Zoom cameras left to preference, not standard



GUSD has established general guidelines for in-meeting and out of meeting behavior it expects from students.

Willem Lent, Staff Writer

Zoom has become a central component of online schooling, but it has also become draining for some students and teachers. The in-person element central to school has been lost because of remote learning, and so many activities like labs and group projects have been made incredibly difficult or impossible. The core of online learning is that it requires every person in the class to be on the same page.

While GUSD has not stated explicitly that cameras should be required, the California Teachers Association has issued a standard for remote learning: “Regardless of whether a class is recorded, a district’s policies can permit an educator to require a student to leave their camera on during online instruction, for purposes of promoting and tracking student engagement.”  

Animation teacher Anthony Lockhart said that “It’s much better to have them on because I get to know the kids.” Lockhart tries to encourage progress in a way that will allow his students to be more comfortable when working. In larger classes that require more intensive participation, however, this may not work as well.

Honors English and Humanities teacher Jennifer Davis shared a similar point: “Seeing someone’s facial expressions, giggles, worried faces, etc. makes the students more human,” Davis said. “When we do return to school, I am going to know those students [better].” It is much easier to engage with a person than a screen. Knowing who you are interacting with is key to a formative experience.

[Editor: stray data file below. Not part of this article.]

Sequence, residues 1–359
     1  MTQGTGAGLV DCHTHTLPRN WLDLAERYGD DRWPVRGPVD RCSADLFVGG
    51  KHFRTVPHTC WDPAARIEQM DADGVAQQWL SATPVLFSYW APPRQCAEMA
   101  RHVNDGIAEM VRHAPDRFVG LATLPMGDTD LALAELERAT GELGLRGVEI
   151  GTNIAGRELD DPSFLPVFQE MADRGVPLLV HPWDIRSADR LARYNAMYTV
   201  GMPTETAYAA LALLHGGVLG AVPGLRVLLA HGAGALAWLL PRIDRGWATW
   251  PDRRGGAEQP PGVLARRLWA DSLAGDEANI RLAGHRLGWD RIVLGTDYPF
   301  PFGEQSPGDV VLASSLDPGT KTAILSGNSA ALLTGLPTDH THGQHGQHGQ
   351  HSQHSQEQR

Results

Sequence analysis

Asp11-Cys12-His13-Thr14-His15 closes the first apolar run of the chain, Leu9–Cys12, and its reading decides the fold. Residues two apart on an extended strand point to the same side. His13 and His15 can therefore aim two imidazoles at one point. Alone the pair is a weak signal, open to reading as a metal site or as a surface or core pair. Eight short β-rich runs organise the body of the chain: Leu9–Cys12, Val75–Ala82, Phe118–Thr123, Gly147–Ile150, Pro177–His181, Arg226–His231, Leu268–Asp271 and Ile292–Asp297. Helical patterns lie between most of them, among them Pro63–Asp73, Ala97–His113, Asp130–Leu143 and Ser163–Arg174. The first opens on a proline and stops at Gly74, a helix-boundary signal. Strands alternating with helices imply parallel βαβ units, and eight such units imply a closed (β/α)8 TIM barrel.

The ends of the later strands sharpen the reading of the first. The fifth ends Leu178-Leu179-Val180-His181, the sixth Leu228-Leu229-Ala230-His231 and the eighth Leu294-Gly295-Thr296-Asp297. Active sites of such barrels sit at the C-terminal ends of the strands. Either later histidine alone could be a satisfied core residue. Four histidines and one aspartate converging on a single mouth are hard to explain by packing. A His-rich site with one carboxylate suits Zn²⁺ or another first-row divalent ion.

The lack of face-to-face interaction from teachers and between students has to be compensated somehow for both students’ and teachers’ sake. Facial recognition ensures that students are paying attention and are engaged, or the opposite — they are losing focus or struggling with the lesson. 

“A student might want that camera off — bad hair day, feeling ill, inappropriate background or location for the camera,” Davis said. Some students may not have cameras on their devices either. While remote learning has presented numerous restrictions, it also allows for a new kind of freedom — privacy. Students can still attend class even if they are not feeling or looking their best and still participate in discussions. 

Senior Sophie Peineke agrees with Davis’ sentiment. “A lot of students, especially now, may be struggling with mental health from time to time,” Peineke said, although she does argue otherwise as well. “Having your face on camera for a whole day may not always be a comfortable experience.”

Junior Patrick Velasquez said that he feels that having cameras on should not be a requirement for distance learning despite being useful in monitoring engagement. “Having cameras off allows students to freely choose the most suitable position for themselves to learn,” Velasquez said.